Nootropics, often also called smart drugs, are natural and synthetic substances that help nourish the brain and thereby improve cognitive function. They can be available as prescription drugs and dietary supplements, but in smaller quantities, they can also be contained in food. The main functional mechanism of most nootropics is the dilation of cerebral vessels, which helps blood flow and oxygenation to the brain. It originally began clinical research as a possible drug to suppress the symptoms of Parkinson's and Alzheimer's disease. Today, however, they are common among university students. Prescription drugs and medicines Most prescription nootropic drugs are stimulants and are prescribed to alleviate the symptoms of attention deficit disorders (ADHD) or Alzheimer's and Parkinson's diseases. However, these drugs are often abused by healthy individuals in an attempt to achieve a kind of mental doping. But studies confirm that the positive effects of similar drugs in healthy individuals are not demonstrable and warn of possible side effects. The individuals who do not have any health issues and whose brain functions "normally" is at a certain limit. These drugs only help to stimulate function where it is limited in some way.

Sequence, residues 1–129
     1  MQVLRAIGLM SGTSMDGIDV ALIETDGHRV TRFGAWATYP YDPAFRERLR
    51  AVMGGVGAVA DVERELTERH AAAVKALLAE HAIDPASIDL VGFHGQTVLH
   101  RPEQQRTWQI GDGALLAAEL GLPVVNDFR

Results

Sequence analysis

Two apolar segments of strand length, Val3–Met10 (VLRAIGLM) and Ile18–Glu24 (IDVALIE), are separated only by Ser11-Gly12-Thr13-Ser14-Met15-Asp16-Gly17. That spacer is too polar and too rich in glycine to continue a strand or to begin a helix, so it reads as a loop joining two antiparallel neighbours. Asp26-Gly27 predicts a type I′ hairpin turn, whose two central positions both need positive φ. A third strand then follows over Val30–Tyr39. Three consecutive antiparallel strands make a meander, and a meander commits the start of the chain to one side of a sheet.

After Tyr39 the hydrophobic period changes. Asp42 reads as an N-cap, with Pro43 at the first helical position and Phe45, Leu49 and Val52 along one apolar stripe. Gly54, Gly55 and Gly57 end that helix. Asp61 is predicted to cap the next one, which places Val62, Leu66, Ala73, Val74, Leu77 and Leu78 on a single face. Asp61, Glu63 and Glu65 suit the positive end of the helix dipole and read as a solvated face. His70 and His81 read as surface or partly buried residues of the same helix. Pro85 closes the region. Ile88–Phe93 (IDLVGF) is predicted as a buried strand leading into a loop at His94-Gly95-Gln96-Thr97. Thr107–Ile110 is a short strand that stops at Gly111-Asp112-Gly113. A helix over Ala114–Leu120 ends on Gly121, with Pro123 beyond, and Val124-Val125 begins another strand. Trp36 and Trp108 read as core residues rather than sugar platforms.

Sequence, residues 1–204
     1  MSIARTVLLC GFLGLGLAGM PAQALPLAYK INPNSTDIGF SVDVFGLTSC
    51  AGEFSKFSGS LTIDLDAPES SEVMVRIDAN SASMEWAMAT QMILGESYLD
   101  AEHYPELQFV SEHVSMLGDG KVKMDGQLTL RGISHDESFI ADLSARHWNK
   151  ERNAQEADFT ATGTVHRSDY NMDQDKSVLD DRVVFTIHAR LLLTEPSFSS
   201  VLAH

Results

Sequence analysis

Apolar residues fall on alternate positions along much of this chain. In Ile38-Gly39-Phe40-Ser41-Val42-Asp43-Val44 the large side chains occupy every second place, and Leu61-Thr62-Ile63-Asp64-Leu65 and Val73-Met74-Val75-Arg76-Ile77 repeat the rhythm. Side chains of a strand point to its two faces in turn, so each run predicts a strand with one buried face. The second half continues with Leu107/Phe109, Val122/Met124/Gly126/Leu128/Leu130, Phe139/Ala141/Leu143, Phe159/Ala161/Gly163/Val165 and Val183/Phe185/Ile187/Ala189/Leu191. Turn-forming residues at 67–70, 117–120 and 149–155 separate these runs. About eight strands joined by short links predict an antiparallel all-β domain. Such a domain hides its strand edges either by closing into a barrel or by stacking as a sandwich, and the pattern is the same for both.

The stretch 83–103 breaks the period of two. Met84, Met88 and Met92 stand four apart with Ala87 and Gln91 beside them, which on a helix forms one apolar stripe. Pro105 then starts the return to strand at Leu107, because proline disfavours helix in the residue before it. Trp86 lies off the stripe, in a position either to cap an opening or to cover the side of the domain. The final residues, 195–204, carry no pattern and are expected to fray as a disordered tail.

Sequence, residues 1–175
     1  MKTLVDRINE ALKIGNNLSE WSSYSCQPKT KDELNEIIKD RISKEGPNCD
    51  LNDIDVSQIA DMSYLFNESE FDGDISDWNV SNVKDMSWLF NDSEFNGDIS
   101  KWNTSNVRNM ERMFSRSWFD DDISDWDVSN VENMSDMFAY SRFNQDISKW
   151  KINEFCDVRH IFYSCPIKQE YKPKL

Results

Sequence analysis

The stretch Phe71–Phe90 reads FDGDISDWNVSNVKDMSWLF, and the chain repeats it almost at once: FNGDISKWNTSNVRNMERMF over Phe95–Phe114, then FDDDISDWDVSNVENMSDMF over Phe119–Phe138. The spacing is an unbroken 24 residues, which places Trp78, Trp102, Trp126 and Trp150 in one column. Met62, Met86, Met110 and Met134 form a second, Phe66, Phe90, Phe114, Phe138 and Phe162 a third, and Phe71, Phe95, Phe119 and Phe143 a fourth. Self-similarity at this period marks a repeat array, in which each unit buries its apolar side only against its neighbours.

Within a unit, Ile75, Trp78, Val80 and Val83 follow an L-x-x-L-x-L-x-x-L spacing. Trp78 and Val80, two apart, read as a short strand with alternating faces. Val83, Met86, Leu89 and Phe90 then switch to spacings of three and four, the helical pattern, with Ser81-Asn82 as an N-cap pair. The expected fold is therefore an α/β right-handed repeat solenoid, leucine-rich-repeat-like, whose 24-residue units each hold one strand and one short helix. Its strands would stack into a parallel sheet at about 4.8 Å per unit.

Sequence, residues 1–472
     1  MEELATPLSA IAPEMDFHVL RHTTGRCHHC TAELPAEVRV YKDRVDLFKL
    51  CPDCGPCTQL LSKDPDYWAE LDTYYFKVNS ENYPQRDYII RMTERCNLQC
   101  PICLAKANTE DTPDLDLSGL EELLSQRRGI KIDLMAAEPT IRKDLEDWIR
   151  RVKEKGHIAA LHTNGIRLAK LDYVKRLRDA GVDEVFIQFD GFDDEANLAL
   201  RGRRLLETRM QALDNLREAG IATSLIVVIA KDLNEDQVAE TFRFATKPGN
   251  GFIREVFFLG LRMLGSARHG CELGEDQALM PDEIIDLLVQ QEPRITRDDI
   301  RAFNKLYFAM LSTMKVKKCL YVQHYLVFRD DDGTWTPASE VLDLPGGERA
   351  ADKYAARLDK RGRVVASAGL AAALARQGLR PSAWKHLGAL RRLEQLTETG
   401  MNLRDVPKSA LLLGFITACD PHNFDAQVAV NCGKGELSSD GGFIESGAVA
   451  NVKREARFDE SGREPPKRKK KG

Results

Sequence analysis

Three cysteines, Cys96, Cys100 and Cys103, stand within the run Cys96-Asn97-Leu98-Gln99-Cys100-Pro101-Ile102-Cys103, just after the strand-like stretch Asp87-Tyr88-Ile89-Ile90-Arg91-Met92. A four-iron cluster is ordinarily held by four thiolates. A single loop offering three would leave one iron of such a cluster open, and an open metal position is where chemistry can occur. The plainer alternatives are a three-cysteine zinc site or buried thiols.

Nootropics are also a common part of the daily diet for many of us. Natural nootropics include caffeine, or L-theanine, which is found in green tea. Caffeine in the form of energy drinks, tea, coffee, and more – is the most widely used nootropic worldwide. Caffeine intercepts the adenosine receptors in the brain that cause the feeling of fatigue. But it also has side effects - excessive consumption can cause tremors, anxiety, or insomnia. Combining L-theanine with caffeine can help you better manage these unwanted side effects. The best combination of these two substances is green tea, which contains both L-theanine and caffeine. Nevertheless, you can accomplish a similar effect by combining caffeine with CBD. Ginkgo biloba is a plant that helps increase blood flow to the brain. Most of the research on ginkgo biloba is related to the treatment of Alzheimer's disease. For example, a 2020 examination of twenty-eight studies showed that taking 240mg of ginkgo biloba daily positively affected cognitive function - including reaction time and memory (in adults suffering from neurodegenerative diseases).
Caution is required with nootropic products that are sold as dietary supplements. Dietary supplements are not as regulated as drugs and need not be approved by the state institute for drug control. Although many reviews are positive, there are no studies of their long-term effect on the human body. If you are considering buying them, focus on the composition of the product and look for proven brands. When you start experiencing any side effects, it is better to stop. Nootropics have the greatest benefit and future in the treatment of neurodegenerative diseases. If you are a healthy person and just want to boost your cognitive function, remember that drastic changes are unlikely to occur. It is always recommended and best to consult your doctor before taking any such dietary supplements.